Still, as you advance through the story, it quickly becomes clear the game only moves forward once you jump through specific hoops. Any flexibility that could be had here is never explored — you stop gaining experience from battles once the game decides you’re sufficiently leveled-up for the next boss encounter, and certain Invizimals can’t be captured for preset periods of time. That means you’ll be stuck waiting for specific creatures to pop up before you can fulfil a mission quota, which seems incredibly odd. It almost seems like the developers want kids to take a break from the game instead of grinding through it.
Developer Novarama deserves praise for what they’ve accomplished with “augmented reality” gameplay on the PSP. Even though the actual game isn’t anywhere near as engaging as it could be, it definitely brings more to the table than what I’ve seen from most other Pokemon knock-offs. Regardless, it’s frustrating that the gameplay and technology work so badly in conjunction that they throw off Invizimal’s central premise. While the packed-in PSP Camera and trap card is handy, it almost would have been better if the game were packaged with some multi-coloured 5-by-5 cards and a flashlight.
Join the newsletter!
Apple iPhone X
SanDisk MicroSDXC™ for Nintendo® Switch™
WD MY PASSPORT™ X Gaming Storage
Panasonic OLED 4K Ultra HD TV - TH-55EZ950U
cloudandco Smart Cane
Dyson Supersonic™ Hair Dryer Fuchsia/Iron
Bang and Olufsen BeoVision 14
Nespresso Creatista Coffee Machine
WD MY PASSPORT™ Gaming Storage
Panasonic OLED 4K Ultra HD TV - TH-77EZ1000U
Toys for Boys
Onyx Smart Walkie Talkie
Propel Star Wars T-65 X-Wing Drone
Ubiquiti Network’s Front Row Camera
LaCie Rugged USB-C Portable Hard Drive
UBTech First Order Stormtrooper Robot
Bose SoundLink Micro
Leica M10 Digital Rangefinder Camera
Lego Mindstorms EV3
Google Daydream View VR Headset
Panasonic Hi-Fi - SC-UA7GS-K
Nest Protect Smart Smoke Alarm
Xbox One X
Dearear Endear In-ear Wireless Earphones
Panasonic 4K UHD Blu-Ray Player and Full HD Recorder with Netflix - UBT1GL-K
iRobot Roomba 980 Vaccum Cleaning Robot
PETKIG Go Smart Dog Leash
Amazon Echo Bluetooth Speaker
WD MY CLOUD™ HOME Personal Cloud Storage
Belkin Pocket Power 10,000mAh
Toffee Bags Commuter Satchel
Lexon Flip Alarm Clock
3SIXT 3-in-1 Smartphone Lens Kit
Raspberry Pi Starter Kit
Razer DeathAdder Expert Ergonomic Gaming Mouse
Fallout Geeki Tikis
Urbanworx Full HD Action Camera
Tile Pro Bluetooth Tracker
Panasonic Portable Splashproof Fun - RF-D20U
Kogan Bluetooth Soundbar
Ikea NORDMÄRKE Wireless Charging Pad
Logitech Doodle Collection Wireless Mouse
Most Popular Reviews
- 1 TCL X2 review: QLED escapes the premium market
- 2 Fitbit Ionic review: Impressive but not quite iconic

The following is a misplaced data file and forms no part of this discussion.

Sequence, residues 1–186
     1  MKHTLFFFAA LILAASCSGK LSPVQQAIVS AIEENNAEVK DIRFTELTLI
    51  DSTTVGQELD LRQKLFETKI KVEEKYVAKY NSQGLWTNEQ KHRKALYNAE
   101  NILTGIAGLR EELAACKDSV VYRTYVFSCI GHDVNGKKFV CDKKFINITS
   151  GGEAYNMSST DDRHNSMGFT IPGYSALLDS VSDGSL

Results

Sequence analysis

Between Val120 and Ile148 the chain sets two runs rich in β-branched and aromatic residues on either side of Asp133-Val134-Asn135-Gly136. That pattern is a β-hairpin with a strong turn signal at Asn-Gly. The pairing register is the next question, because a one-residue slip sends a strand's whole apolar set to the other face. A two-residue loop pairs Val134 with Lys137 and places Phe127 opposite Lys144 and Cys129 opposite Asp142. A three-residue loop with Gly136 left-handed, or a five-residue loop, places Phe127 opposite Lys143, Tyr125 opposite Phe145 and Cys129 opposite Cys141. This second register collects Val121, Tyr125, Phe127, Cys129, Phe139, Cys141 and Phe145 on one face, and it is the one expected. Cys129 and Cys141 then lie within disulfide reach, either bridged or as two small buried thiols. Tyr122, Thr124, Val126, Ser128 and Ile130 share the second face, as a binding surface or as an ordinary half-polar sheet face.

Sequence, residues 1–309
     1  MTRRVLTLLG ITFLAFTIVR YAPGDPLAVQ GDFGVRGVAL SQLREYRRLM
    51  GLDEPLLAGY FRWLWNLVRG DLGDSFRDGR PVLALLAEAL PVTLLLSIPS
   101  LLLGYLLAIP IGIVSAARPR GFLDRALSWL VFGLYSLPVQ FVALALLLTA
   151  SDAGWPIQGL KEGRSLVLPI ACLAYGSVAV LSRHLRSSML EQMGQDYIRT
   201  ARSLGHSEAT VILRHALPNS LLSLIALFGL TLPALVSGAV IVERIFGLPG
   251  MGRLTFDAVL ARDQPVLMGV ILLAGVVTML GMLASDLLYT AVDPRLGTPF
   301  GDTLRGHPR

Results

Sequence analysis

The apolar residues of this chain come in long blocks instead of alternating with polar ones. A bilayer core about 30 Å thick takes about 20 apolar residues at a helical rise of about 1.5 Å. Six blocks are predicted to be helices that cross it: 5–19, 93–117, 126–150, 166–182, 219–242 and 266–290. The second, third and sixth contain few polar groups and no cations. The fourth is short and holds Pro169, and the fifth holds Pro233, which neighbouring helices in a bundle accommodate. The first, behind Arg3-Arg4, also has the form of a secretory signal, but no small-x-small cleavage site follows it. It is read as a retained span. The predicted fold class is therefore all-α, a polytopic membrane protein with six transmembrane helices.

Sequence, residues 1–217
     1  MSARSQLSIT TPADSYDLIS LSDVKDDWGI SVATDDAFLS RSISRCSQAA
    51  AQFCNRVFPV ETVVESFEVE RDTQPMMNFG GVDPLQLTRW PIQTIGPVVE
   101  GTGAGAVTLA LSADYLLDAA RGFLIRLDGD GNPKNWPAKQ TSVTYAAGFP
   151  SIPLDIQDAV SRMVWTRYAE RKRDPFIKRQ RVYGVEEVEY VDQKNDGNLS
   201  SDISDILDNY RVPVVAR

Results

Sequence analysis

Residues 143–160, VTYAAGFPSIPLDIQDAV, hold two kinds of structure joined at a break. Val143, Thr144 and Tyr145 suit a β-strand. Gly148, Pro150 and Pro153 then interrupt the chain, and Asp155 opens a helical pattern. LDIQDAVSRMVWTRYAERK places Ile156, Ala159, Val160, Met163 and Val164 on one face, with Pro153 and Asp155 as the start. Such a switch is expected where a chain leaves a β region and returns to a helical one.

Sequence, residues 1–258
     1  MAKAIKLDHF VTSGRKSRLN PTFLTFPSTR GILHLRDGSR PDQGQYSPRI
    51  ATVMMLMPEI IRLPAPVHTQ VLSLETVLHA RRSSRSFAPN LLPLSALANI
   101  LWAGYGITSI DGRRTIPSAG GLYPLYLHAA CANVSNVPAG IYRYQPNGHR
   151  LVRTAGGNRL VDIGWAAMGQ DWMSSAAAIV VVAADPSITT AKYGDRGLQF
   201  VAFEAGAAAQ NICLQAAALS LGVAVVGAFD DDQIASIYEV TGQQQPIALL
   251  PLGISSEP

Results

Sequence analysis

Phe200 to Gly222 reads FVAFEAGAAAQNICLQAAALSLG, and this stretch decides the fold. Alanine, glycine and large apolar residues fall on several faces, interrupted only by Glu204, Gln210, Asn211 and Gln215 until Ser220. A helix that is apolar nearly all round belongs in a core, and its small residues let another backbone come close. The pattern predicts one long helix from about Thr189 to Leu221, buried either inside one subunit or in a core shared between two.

- 3 Acer Spin 5 review: Value for money but conditions apply
- 4 Huawei Mate 10 Pro Review: A solid winter flagship that cribs from the best
- 5 Sony LF-S50G review: Google Assistant and then some
Latest News Articles
- Australian Game Developers March On, Generating $118.5M In Spite of Limited Recognition and Support
- Overwatch League draws millions of eyes in first week
- CES 2018: Everything Announced By MadCatz
- CES 2018: Everything Announced By Razer
- CES 2018: Everything Announced By HyperX
PCW Evaluation Team
I would recommend this device for families and small businesses who want one safe place to store all their important digital content and a way to easily share it with friends, family, business partners, or customers.
It’s easy to set up, it’s compact and quiet when printing and to top if off, the print quality is excellent. This is hands down the best printer I’ve used for printing labels.
Brainstorming, innovation, problem solving, and negotiation have all become much more productive and valuable if people can easily collaborate in real time with minimal friction.
The print quality also does not disappoint, it’s clear, bold, doesn’t smudge and the text is perfectly sized.
The Huddle Board’s built in program; Sharp Touch Viewing software allows us to easily manipulate and edit our documents (jpegs and PDFs) all at the same time on the dashboard.
The biggest perks for me would be that it comes with easy to use and comprehensive programs that make the collaboration process a whole lot more intuitive and organic
- JBL Link 10 review
- Amazon Alexa and Echo set for Febuary launch
- OPPO Load Up A73 Smartphone With Flagship Features
- What's the difference between an Intel Core i3, i5 and i7?
- Laser vs. inkjet printers: which is better?
Product Launch Showcase
- FTClass Super - Application Support Analyst - SMSF solutionsOther
- FTLead Business AnalystOther
- FTTechnical Business AnalystVIC
- CCPrincipal Business Analyst - Health & DeliveryQLD
- FTFront End DeveloperOther
- TPSenior Project Manager - Data MigrationNSW
- TP3 x Change and Adoption Managers | Health | 12 month contractsQLD
- CCSenior Business AnalystNSW
- FTSenior Infrastructure EngineerOther
- CCTechnical ArchitectVIC
- FTCyber Security AnalystOther
- TPSenior Project Manager - Risk & ComplianceNSW
- FTIntegration LeadOther
- FTSenior Change Analyst / Change Manager ( Banking background)Other
- CC.Net DeveloperNSW
- CCData ArchitectWA
- FTICT Security AnalystACT
- FTSenior Pega Developer (Pega Senior Systems Architect)Other
- FTIntegration SpecialistQLD
- FTApplication Support AnalystOther
- FTNetwork Engineer (RUN-BAU)VIC
- TPBusiness Consulting Senior PrincipalACT
- FTFull Stack Developer - ASP.NETVIC
- CCSenior Java DeveloperQLD
- TPSenior Business Analyst - Health - Data Linkage SystemQLD